Multimedia, NUJ, freelances

The much-anticiapted NUJ Commission on Multi-Media Working report Shaping the Future is now up on the new, improved NUJ website, and it's well worth taking a look. It has specific recommendations on freelance work, including expanding the union's training programmes, and a commitment to "ensure that no NUJ members see their work jeopardised by journalists moving into new areas".

The report also calls for a working group to be set up by the Freelance Industrial Council and the union's equivalent councils for the new media and PR sectors, with a view to finding ways to promote NUJ freelances for work in new media. One way to do this could be through a campaign to persuade organisations that have presences on the web of the benefits of paying professionals to provide quality website content. Shaping the Future acknowledges that "the instability of the media industry is likely to impact most seriously on its most precarious participants: the freelances... The union will have to try to afford its freelance members such protection and help as it can."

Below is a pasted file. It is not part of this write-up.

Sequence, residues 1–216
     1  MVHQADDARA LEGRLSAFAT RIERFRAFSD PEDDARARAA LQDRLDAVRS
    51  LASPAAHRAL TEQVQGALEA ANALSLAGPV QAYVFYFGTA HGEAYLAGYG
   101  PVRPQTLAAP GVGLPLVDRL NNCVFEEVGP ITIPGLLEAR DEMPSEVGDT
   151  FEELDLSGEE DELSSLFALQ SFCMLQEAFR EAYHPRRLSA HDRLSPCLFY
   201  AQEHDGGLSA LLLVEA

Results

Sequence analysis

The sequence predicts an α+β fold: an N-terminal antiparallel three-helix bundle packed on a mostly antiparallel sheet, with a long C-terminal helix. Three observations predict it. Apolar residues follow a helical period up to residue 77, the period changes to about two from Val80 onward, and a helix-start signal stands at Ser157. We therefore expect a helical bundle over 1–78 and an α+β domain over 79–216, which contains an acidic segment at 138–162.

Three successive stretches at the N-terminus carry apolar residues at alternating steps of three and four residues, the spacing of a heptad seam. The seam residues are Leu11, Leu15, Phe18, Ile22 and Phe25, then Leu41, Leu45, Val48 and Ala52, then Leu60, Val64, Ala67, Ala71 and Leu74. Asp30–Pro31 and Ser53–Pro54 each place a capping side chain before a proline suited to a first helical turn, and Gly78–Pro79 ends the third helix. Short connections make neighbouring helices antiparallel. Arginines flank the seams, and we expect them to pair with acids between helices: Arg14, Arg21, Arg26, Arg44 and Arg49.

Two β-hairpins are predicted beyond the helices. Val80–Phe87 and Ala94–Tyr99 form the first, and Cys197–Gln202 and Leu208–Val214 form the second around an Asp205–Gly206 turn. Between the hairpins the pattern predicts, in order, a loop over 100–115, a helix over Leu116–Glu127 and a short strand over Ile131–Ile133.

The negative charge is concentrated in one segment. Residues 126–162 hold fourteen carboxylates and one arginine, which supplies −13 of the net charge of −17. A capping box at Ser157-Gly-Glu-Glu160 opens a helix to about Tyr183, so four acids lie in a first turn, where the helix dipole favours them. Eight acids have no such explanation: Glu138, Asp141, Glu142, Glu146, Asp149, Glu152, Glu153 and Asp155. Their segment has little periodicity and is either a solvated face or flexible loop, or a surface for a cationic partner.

The report identifies new media trends affecting freelances, such as media groups bullying freelances to sign away digital and video rights. It recognises that the union must develop ways to support freelances organising in groups to resist rights grabs without losing work. The move to multimedia leads to casualisation, with minimal staff in-house and freelances, often staff made redundant, taken on as casuals instead. Expansion of NUJ training courses is recommended, especially "courses for still photographers to acquire skills in writing and video". New media training is likely to increase the cost of freelancing, which we should taken into account in negotiations over freelance rates.

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